KC Wellness Wednesday

College psychologist, Mrs Teresa Yell has a message to share with us for #WELLNESSWEDNESDAY today on coping with the juggling act of quarantine

We have always played multiple roles… we are all someone’s mother, daughter, friend, confidante, guide, father, brother son and so on and so forth. The point is before lockdown these roles may have seemed more clearly defined. We got to play each role at different times with breaks in between, making tranisioning from one to the other a tad easier. Now you are confined in terms of space, to very specific areas where you play multiple roles each day having to change sometimes without warning. You may find you feel you need to go from mother, to teacher to employee/employer, cook, cleaner, wife, husband, doctor/nurse etc in a flash, which may leave your head and emotions spinning.

The trouble with this is not necessarily linked to the number of roles we play, but perhaps to our inherent need to play each one perfectly. Given that each role has a specific set of responsibilities each role will then also compete for our attention and we may find ourselves in a win-lose situation. This need for perfection isn’t healthy for anyone of us and can so easily lead to fatigue, increased stress levels and even burn out.

I recently read that “The trick to juggling is determining which balls are made of rubber and which ones are made of glass”

So how can we do this…

  • I hate to sound clichéd, but time management immediately comes to mind. Literally count the hours you have each day and determine, in as much as you can, how many you require for each role.
  • Christine Riordan, a Professor of Management, Leadership and Diversity at the University of Kentucky suggests we prioritize roles. She suggests we look at the value we assign to each role in order to help us make conscious and well thought out decisions about which roles take priority. Trade-offs she says are inevitable.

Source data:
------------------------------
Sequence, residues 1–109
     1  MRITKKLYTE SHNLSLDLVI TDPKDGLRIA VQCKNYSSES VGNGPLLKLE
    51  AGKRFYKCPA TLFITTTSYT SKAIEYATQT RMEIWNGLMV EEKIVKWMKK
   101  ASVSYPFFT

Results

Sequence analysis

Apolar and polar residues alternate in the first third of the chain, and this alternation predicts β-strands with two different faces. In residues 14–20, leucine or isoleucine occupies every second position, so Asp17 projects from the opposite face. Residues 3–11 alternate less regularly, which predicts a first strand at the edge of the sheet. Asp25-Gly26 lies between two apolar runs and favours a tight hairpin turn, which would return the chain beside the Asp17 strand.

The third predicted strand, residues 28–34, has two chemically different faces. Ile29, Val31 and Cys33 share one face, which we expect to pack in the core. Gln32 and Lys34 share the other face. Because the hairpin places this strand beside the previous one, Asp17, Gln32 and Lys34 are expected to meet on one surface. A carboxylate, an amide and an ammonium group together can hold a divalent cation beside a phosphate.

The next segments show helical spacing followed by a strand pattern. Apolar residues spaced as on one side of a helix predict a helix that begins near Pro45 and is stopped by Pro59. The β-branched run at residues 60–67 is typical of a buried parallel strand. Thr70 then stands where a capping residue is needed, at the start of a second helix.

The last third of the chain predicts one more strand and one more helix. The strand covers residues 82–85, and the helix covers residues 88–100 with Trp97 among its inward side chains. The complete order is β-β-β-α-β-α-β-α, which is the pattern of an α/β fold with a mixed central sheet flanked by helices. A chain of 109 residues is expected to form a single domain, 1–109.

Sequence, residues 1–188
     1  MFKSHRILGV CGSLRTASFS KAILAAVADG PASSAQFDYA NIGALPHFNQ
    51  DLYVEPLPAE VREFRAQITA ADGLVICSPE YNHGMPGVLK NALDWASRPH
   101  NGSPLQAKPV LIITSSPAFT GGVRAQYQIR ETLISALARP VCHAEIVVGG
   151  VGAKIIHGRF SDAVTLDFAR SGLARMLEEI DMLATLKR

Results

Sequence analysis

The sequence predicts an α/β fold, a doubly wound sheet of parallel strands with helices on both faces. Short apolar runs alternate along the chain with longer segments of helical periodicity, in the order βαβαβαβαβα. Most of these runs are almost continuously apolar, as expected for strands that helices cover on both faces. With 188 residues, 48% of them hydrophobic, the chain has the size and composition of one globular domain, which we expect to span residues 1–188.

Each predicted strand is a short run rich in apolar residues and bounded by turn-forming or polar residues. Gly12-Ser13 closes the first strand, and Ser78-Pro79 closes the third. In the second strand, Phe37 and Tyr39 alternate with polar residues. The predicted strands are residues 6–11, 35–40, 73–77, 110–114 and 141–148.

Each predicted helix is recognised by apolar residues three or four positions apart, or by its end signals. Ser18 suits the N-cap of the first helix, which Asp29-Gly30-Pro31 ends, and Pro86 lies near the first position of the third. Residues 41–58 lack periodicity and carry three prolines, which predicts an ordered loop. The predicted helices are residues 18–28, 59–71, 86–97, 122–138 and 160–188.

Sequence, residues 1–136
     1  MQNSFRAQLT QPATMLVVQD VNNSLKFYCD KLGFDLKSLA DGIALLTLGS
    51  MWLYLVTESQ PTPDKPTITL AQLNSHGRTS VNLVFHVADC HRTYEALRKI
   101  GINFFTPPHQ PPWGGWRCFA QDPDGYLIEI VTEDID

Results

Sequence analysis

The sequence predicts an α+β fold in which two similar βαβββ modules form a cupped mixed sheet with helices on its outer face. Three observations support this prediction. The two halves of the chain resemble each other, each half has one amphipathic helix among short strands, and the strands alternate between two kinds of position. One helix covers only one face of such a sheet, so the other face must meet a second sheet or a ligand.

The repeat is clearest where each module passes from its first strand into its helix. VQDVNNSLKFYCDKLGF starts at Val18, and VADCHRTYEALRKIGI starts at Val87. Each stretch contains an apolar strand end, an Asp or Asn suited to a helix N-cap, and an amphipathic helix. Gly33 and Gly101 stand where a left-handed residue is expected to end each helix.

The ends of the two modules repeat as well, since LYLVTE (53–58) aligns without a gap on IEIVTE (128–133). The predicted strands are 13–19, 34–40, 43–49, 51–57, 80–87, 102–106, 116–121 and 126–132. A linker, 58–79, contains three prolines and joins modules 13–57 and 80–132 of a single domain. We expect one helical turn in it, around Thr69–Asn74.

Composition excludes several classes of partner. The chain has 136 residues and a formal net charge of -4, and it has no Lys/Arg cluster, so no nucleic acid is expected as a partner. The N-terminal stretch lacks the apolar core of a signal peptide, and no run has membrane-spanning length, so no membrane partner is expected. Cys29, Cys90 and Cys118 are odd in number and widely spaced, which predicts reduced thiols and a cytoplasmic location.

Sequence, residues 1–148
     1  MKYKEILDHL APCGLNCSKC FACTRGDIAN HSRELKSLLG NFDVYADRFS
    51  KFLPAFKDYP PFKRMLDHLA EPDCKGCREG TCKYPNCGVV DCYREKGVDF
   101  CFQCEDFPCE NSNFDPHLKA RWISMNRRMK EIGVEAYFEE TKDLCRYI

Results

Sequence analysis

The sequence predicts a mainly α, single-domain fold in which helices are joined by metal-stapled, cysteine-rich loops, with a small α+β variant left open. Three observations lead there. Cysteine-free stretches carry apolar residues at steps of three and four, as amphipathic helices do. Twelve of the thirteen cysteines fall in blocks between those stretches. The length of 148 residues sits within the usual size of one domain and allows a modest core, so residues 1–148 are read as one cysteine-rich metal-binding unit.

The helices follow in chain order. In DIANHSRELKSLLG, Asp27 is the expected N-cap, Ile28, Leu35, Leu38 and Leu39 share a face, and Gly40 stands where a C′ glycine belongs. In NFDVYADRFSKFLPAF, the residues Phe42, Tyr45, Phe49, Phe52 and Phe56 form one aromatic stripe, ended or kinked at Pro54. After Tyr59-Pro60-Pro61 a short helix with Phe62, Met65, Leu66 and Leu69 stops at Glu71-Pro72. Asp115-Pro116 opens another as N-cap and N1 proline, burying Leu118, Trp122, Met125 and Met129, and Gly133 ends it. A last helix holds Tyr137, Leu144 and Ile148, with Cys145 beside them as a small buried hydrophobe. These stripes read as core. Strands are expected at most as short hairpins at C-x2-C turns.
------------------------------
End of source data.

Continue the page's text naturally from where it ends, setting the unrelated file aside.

• Once this list is drawn up, we can now assign activities to each role. You do this by considering the behaviours each role requires. We are all too familiar with the age old tug of war between career and parenting – so simply put: if in career role answer emails, take calls, attend meetings etc…If, however, in parent role, avoid these activities and focus on being a parent.
  • Communication with all role players in the family / household is also important. Once you have determined a schedule, let others know what role you intend to assume, when you intend to assume it and what you require of them. So if it is one of teacher – move to the space in your home assigned to this and go through the set tasks. Remember to communicate with teaching staff – they value your feedback. Let them know how you are managing the workload and what time constraints you may have. They, in turn, can guide you as to how much time it should take for you and your child to complete a task.
  • Please do not place pressure on yourselves to perform all roles at 100%. Do the best you can in the circumstances remembering to take frequent breaks, deep breaths and even walk away if you feel overwhelmed.
  • Share responsibilities. If you are a two-adult-household, rope in your partner to parent/ teach, engage in caregiving, cooking, cleaning roles. Children can also do chores and older siblings can help younger siblings where possible, with schoolwork too. If you are in a single-adult- household don’t be afraid to phone/ zoom a friend, teacher, make use of Google etc.
  • Something has “gotta” give – housework can wait!
  • Flexibility – if systems crash (this may be you or the network), remember there is always tomorrow.
  • Rest when you can and get a good night’s sleep.

“You can only work with what you have today. Yesterday you may have been able to do more. Tomorrow you might be able to do better. But today, you can only do the best you can for today.”

Take care and stay safe


Ms Teresa Yell is Kingswood College’s Educational Psychologist and has practiced in the field for 15 years. She completed her postgraduate studies at RAU (Rand Afrikaans University) and her undergraduate degree at the UND (University of Natal, Durban). She is mother to two children, a daughter and son. She was the resident psychologist at both Dainfern College and Christ Church College in Johannesburg for nine years and ran a busy private practice from her home. They moved to Makhanda (Grahamstown) in 2016, and live on a small farm outside of town.